That time of year again, where in this part of the world (Sydney), most people are heading back to work after a solid break. I find that each year after such a break, the thinking in the industry advances considerably as people have had time to clear their heads and absorb what has being going on around them last year. This often leads to new energies and directions, and this year I am already experiencing no different.
You may have been also reading about what many in Davos have been calling the ‘4th industrial revolution’ which others have called the ‘digital revolution’, and I suspect there are a number of other names also for it. My key observation is that this ‘revolution’ is about the highly connected society that we now live in, where the power of the highly connected consumer (through smart phones primarily today) is having amazing effects on industries, businesses, society and individuals. Wealth management is no different and many in the industry are realizing that there is perhaps some profound trends and changes that are upon us, and this is driving the new energies for 2016.

Whilst sheer power of communication between individuals and businesses has clearly been evident in the use of smart phones, what is now being realised that this doesn’t just mean we communicate like we did before must more efficiently, but there is now new ways to communicate that mean that some communications of old are now redundant, and other types of communication are becoming more relevant. In wealth management, this is stuff like not just understanding valuation of portfolios with associated research, but introducing consensus on investments and sectors, dynamics of the markets with new metrics, and even ‘social’ overlays associated with companies etc. This also applies to what regulators are expecting to be reported to them.

We are also however seeing that some of the conflicts and shortfalls of the prior industry model as it has developed becoming increasingly exposed and industry participants finding themselves under increased scrutiny both from their clients who are demanding more information, but also the regulators, who are having to respond to the increased amount of data and information appropriately, which is in many cases creating new regulations, codes of conduct or even laws. I suspect in 2016 that will see this accelerate and like in many industries or other parts of life, that the ‘social regulator’ may in many cases have more of an impact than the one that comes through the door.

Back to people coming back from their Christmas breaks….well we are already number of enquiries around ‘how do I deliver to my clients better ?’, ‘how can I stop using product based platforms ?’, ‘how can I put in a model that allows me to scale the business easier than hiring people ?’. Well a lot of this happened last year, so what is different this year ? This year the difference is firms are recognising that rather than looking at each of these issues individually with point solutions, there is clear recognition that to manage such different initiatives separately, often with different technologies, is both expensive, and often leads to increased overhead rather than improved overall business performance. I suspect that is why many are telling me that so many wealth management firms around the world last year were struggling to improve profits, or in many cases even make a profit. The new year realization for 2016 that people are coming to is that just ‘putting more lipstick on the pig’ is not a recipe for success and that a more integrated coordinated approach, requiring broad enterprise review and modeling is required.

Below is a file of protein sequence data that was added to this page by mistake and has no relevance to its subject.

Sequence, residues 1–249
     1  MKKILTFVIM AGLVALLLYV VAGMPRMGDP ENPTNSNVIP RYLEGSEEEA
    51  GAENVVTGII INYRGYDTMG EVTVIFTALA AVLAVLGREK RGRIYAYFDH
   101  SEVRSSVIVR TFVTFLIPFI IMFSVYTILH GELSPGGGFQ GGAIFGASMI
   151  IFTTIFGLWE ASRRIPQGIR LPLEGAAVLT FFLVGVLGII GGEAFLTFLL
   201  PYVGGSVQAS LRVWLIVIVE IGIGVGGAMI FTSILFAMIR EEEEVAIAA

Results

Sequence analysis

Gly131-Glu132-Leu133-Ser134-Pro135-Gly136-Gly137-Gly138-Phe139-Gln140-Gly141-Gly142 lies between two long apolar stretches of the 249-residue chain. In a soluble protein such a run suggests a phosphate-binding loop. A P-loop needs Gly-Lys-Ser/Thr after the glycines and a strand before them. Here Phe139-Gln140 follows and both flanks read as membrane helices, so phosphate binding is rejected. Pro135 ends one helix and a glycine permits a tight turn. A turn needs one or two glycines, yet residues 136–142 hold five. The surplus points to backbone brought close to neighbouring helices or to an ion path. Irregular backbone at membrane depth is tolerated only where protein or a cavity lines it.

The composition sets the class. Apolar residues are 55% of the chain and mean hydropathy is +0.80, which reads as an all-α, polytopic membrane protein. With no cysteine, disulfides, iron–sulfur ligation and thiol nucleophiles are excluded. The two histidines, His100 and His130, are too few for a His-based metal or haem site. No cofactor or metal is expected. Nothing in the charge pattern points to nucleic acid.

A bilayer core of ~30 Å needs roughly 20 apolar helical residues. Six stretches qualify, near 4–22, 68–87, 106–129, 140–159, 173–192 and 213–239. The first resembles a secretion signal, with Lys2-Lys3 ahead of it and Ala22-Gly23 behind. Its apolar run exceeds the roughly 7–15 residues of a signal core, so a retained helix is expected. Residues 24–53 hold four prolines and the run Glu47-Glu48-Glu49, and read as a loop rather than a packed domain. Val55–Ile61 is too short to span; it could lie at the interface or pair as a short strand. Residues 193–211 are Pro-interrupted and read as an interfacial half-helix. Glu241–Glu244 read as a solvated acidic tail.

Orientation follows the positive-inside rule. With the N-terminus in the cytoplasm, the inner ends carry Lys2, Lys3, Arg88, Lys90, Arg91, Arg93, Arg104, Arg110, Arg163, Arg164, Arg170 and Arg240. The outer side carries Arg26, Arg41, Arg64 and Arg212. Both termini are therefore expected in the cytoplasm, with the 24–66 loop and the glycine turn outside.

In the UK we saw a number of mergers of wealth management firms that I suspect will get efficiencies of scale in delivering the model with less duplicated overhead, but the question I ask is whether that is just short term fixing but avoiding the real issue of that a new engagement model is required in the digital revolution.

I still think we are at the start of this ‘digital revolution’ and some rules of thumb that I think will emerge from such are:

–          Be very clear on your value proposition to your client

–          Be very clear that your clients understand the value (to them) of everything that is put in front of them

–          Expect regulators to start wanting to look at more ‘data’, and ask for more definition of what your business is              doing to add value to such data

–          Take it for granted that you cannot hide from the social regulator, and ensure practices and conduct reflect                   such

–          Often your uniqueness is your value

–          If you are in a value chain, expect your suppliers and partners to ‘pirate’ the value chain, ie move around you

–          Expect new forms of digital communications to be requested by, and valued by, your clients

Thankfully at Financial Simplicity, we have been helping wealth and investment management firms with much of this for some time, preparing them to survive and thrive in the digital revolution. If you are wondering what the digital revolution may mean for you or your firm, drop me a line. Its more than a web page.